Lowestoft to Sarfend - 200 miles approx.

The central disc of the plaque

Suffolk really starts at the port of Lowestoft. A lovely town when approaching from the North but rapidly deteriorates into a sort of run-down industrial zone as the town centre is approached.

It is in this run-down zone, tucked behind the Birds-eye fish finger factory, that a plaque is situated. It looks rather sad, forlorn and lonely, surrounded as it is by industrial wasteland yet it is one of the cardinal points of Great Britain. The plaque marks the most Eastern part of Mainland UK.

Lowestoft Ness and the plaque marking the most Eastern point of Britain.

It might have none of the beauty of St Davids, The wildness of Ardnamurchan, the isolation of Dunnet head or the ruggedness of Lizard point but at least it's marked and recognised, even if hidden by a fish finger factory.

THe next 20 miles of the Suffolk coastline is flat and uninteresting until the lovely little town of Southwold when a glorious stretch of sand and Shingle stretches for 10 miles to the beautiful and ancient town of Aldeburgh.

Sadly two nuclear power stations, one built and old, one unbuilt and controversial, Sizewell 1 and B, blot the landscape but hey-ho, the landscape is big enough to cope.

Aldeburgh beach looking North towards Thorpeness. The white Dome, distant left, is Sizewell nuclear power station

Benjamin Britten was born and lived for much of his life in Aldeburgh. In 2003 a sculpture on the Beach North of the town was commissioned, "the Scallop". The words pierced through the steel are "I hear those voices that will not be drowned" from the Benjamin Britten opera "Peter Grimes".

Terraces of beach huts

Wandering down the coast for a time it felt like I was in the North West of Scotland again with having to go inland for miles to cross inlets and rivers before reaching coast again.

The final bit of coast in Suffolk, before heading inland to Ipswich to return back to the Essex coast, is Felixstowe.

Anyone born after the 1970's would know that Felixstowe is Britains largest container port, built and enlarged when the advent of Containerised shipping dealt the death knell for London Docks. Old biddies like me however remember it when it was a seaside holiday resort, and today it still is.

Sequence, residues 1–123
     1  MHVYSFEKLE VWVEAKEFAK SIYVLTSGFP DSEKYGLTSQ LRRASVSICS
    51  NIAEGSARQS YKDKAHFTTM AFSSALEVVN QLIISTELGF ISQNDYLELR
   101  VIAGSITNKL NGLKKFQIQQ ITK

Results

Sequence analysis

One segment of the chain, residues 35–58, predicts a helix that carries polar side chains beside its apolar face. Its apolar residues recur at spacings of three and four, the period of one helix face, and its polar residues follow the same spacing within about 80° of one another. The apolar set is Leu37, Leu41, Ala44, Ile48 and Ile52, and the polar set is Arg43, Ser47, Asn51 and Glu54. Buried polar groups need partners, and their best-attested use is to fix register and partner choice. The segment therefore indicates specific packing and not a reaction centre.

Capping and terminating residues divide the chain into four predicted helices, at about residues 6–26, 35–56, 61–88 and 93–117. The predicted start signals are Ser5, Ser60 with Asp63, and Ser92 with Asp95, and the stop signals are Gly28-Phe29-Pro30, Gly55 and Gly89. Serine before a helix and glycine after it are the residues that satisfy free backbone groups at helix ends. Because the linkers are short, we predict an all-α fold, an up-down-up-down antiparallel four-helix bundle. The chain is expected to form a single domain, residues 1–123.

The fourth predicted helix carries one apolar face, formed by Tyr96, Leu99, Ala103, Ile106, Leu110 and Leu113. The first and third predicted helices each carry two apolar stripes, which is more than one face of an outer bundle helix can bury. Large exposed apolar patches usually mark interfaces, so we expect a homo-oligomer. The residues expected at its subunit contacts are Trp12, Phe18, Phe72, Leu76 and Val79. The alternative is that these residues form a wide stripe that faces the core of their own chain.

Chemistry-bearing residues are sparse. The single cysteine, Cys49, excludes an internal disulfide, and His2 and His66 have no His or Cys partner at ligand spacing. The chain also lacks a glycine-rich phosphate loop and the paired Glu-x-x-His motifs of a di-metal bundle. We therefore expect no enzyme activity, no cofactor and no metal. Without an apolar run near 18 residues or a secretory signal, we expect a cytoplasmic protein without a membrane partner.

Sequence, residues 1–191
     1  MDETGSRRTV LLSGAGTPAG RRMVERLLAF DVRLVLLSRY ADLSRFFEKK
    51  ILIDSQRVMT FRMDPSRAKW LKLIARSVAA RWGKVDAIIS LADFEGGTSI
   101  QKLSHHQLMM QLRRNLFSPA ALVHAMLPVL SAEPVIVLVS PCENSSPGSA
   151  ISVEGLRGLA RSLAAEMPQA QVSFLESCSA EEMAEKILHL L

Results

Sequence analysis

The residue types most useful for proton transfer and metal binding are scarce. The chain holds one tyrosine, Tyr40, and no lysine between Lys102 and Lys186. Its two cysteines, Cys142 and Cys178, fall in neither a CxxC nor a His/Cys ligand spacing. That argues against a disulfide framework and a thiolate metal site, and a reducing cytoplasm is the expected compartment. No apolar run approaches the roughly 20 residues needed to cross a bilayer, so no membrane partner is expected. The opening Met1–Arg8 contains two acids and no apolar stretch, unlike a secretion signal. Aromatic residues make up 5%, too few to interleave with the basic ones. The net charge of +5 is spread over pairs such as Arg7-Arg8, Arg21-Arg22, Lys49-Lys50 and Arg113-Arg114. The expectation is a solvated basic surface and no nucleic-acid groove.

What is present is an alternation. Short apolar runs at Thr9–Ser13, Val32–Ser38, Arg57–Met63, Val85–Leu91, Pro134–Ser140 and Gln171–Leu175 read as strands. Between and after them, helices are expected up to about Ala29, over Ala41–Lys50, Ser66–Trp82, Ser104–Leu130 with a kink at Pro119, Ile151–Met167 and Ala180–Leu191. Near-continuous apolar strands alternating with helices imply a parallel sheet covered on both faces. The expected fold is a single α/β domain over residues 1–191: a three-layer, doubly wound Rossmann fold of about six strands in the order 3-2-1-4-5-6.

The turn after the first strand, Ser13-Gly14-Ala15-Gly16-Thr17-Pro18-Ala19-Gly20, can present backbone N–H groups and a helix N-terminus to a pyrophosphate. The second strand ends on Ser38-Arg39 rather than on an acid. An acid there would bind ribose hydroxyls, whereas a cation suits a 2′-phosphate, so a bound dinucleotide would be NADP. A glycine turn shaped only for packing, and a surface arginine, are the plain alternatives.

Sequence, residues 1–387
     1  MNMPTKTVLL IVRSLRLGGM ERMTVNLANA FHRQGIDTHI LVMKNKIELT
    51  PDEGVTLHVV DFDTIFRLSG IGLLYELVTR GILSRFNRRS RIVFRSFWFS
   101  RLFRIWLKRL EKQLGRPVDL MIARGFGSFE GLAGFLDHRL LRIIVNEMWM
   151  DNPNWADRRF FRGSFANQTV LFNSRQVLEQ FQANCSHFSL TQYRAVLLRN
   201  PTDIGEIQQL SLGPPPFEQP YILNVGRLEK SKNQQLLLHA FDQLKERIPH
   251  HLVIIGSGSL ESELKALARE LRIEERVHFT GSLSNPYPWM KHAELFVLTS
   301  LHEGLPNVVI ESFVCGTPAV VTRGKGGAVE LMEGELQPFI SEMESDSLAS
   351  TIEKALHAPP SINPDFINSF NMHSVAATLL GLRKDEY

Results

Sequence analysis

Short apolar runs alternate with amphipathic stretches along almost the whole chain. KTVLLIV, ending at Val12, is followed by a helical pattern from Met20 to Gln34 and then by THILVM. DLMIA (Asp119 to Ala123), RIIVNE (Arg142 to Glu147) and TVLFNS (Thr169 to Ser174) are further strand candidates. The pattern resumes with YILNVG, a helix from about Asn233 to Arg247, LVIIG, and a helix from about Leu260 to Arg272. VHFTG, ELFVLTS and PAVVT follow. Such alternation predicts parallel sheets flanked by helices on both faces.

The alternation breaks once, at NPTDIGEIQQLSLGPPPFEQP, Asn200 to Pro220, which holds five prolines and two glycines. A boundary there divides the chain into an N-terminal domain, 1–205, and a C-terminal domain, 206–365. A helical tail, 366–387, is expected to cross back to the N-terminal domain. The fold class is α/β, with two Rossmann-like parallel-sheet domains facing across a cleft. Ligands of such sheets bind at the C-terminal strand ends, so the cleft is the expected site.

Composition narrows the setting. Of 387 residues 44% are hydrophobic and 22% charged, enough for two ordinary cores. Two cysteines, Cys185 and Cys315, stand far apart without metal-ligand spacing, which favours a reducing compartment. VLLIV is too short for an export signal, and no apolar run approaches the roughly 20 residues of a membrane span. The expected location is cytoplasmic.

Felixstowe beach

North of the Docks is Felixstowe beach and it is like a time warp from the '50's,  terraces of brightly painted beach huts lining a promenade and a sand/gravel beach.  Pleasant but not inspiring.  Time to go inland again,


Inland is to Ipswich, then out to Harwich.  


Harwich is a port, a nice old town, a Sandy beach called Dovercourt bay, but best to keep going South to the quiet and surprisingly serene Walton on the Naze.

Walton on the Naze

Walton has a beautiful sandy beach, a pier, some beach huts, a nice town centre and that's about it.  Quieter, calmer and more genteel than its southern neighbours of Frinton and Clacton. Lovely little place.


 Contunuing South from Walton next is Frinton on sea, lovely if you like holiday homes, then Clacton, a lovely resort with it's pier, candyfloss and statutory golden nugget saloon. For those that like quieter places further south again is the charming Brightlingsea.

Well, I found Brighlingsea pleasant .... looking across to Mersea Island

This part of the coast made me feel as though I was back in the North west of Scotland.

Well, in one sense it did, although the absence of icebergs gave me a reality check.

This coast is a maze of inlets, rivers and marshes and to get anywhere it is necessary to go miles inland and back out again. 

So after enduring the horrors of Colchester traffic systems and the maze of road works at New Maldon I eventually ended up at the boating marina of Burnham on Crounch.

Very nice it is too, a nice street, a nice row of shops, some nice pubs, a nice cafe, a good place to take photographs across the estuary to Foullness Island, then back inland again before escaping seawards towards that haven of East end refinement, Southend,

Burnham on Crouch ..

So Albert, Onwards for the retreat of my youth awaits!



Shoe buryness looking towards Southend

Shoeburyness likes to think it's the posh end of Southend.  It was for most of the year except for the times that I used to go camping there.

No nostalgia though.  I used to hate the place. It was a dump.  A bit better now though.

Just down the road is journeys end for this Section. THe Eastenders resort, Southend. There is more further into the Thames estuary but it's much the same, and ahead of me is the dreaded Dartford crossing to get to the South side of the River Thames and Kent.

Southend with it's pier in the background .... at 1.34 miles long the longest pleasure pier in the world.

and that, as they say is that.  Ahead the crossing of the Thames and into Kent.

Onwards Albert, oh Man of Kent!


Next section:  Kent and East Sussex